To enable us to offer our families a wider variety of class times and options we often combine age groups however only those that we know are of a similar developmental ability are grouped together. Both Tui and Kiwi children are well on their way to consolidating the bi-lateral stage of development and are working towards lateralisation so this grouping works well. Our little Tuis will still be keen to jump everywhere and will need help from their attending adult to balance on one foot wheres the older Kiwis in the group are beginning to attempt hopping.
At this stage your child thinks that the world is theirs! They begin to think that they have control over their bodies. We continue to keep our mat exercises and action activities slow to help them perfect their body awareness and movement control.
Now each hemisphere of the brain can control the movements of each side of the body, in coordination. This means that we introduce specific movements that encourage crossing the mid-line – passing objects from one side of the body to the other without changing hands.
We introduce some dances that are sequential in their form, in an endeavour to help children move and think as they can now move some body parts automatically.
Jumping is still a firm favourite but now it’s off anything they can find! Hanging and swinging from the over head ladder and trapeze are also becoming favourites, developing muscle tone in both the gross and fine motor muscles of the upper body – so essential for later writing and other manual skills.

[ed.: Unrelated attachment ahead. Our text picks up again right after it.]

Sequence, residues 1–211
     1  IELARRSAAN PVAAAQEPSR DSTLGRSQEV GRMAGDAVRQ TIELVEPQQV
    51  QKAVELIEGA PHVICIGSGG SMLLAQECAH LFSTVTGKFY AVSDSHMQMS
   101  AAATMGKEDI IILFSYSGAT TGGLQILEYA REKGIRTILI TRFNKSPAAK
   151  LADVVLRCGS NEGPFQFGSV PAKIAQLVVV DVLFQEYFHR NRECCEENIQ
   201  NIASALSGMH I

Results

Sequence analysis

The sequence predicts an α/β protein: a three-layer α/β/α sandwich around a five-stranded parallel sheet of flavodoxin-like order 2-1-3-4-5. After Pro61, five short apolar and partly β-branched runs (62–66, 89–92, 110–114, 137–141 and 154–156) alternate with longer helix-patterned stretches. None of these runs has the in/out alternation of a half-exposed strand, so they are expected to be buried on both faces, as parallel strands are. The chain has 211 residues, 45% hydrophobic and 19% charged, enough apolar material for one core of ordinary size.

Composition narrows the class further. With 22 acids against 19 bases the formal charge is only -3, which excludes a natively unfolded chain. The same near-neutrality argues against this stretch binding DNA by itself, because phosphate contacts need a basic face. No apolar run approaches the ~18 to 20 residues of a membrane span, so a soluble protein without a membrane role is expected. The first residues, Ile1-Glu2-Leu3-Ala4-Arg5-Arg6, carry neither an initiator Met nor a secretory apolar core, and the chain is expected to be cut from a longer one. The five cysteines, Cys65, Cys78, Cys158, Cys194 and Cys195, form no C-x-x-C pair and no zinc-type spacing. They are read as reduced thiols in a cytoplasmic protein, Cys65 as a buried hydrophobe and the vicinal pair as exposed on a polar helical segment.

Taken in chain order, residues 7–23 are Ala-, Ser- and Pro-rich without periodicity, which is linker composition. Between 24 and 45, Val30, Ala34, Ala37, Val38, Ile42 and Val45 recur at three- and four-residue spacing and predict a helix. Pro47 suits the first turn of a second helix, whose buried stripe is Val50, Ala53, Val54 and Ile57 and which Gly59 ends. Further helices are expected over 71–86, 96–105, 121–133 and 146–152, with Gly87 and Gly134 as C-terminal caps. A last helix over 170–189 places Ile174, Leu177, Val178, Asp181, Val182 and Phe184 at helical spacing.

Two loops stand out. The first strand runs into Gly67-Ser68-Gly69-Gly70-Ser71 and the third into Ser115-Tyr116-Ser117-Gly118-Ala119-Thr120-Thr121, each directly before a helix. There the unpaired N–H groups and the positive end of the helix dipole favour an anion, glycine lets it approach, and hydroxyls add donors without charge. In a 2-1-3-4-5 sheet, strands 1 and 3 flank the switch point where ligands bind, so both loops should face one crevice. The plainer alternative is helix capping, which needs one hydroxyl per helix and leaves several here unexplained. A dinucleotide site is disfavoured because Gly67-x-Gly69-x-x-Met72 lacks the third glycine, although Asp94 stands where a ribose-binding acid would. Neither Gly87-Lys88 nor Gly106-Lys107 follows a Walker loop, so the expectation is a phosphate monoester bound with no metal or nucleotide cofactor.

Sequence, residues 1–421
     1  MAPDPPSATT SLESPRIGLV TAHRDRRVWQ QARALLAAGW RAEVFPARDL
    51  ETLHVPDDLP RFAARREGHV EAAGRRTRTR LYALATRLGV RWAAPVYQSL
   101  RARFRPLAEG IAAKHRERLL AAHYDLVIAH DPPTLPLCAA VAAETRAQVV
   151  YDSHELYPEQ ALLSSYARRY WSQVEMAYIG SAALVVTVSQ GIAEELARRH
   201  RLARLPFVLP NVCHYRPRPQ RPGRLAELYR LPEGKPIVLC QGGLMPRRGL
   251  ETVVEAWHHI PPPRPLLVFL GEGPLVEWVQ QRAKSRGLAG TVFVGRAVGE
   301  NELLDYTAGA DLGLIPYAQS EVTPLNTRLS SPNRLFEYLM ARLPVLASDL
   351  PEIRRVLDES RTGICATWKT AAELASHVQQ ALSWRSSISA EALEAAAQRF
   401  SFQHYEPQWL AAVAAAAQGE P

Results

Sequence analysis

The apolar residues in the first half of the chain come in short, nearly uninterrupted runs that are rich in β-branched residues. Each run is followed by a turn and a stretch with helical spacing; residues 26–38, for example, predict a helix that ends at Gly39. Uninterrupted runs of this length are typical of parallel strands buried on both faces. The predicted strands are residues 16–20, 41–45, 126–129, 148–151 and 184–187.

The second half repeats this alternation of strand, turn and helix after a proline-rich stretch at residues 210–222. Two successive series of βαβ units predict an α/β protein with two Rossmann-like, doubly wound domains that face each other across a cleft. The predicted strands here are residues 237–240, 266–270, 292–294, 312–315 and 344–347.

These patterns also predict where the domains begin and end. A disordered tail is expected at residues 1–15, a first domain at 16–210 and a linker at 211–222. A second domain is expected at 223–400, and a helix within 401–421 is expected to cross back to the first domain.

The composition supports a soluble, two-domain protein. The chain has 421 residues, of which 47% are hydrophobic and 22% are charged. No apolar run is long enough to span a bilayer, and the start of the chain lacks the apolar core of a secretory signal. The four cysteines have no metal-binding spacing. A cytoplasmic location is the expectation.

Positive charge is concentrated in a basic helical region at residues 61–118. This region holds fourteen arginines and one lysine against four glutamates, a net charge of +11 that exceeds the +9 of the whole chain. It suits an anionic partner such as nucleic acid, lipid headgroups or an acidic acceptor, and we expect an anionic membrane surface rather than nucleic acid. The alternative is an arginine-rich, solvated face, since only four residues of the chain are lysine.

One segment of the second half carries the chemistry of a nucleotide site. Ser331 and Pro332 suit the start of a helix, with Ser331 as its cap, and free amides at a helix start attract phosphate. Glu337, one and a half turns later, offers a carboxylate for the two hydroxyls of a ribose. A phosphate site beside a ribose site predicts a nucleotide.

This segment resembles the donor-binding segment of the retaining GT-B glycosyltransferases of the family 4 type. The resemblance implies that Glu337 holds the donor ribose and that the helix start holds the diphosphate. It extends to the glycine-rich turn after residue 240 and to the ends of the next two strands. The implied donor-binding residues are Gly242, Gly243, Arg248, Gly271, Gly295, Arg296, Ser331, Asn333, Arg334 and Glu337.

Our classes are becoming more structured as this is the time for children to start learning limits and to improve their concentration.
Now development is really bounding forward. Sessions at this age group are geared for the development of sensory integration and the consequent laterality, and for this reason a preferred hand and foot is now encouraged in all one hand/foot activities.
Being able to perform tasks that require one side of the body to be doing something different to the other side allows for the important stage of conscious cross pattern movements, which are the final attributes of nature to help the child’s growing brain to work to the best of its ability. Riding a trike, peeling a banana, or using scissors with one hand as the other holds the paper are all skills that can now be tackled. Hopping where one foot hops while the other is held up off the ground also highlights this new found skill of laterality.
For many, speech and comprehension bounds forth at this age. Instructions are increased in complexity to allow for the development of auditory and visual memory, imperative for survival at school. Repetition is vital for this development.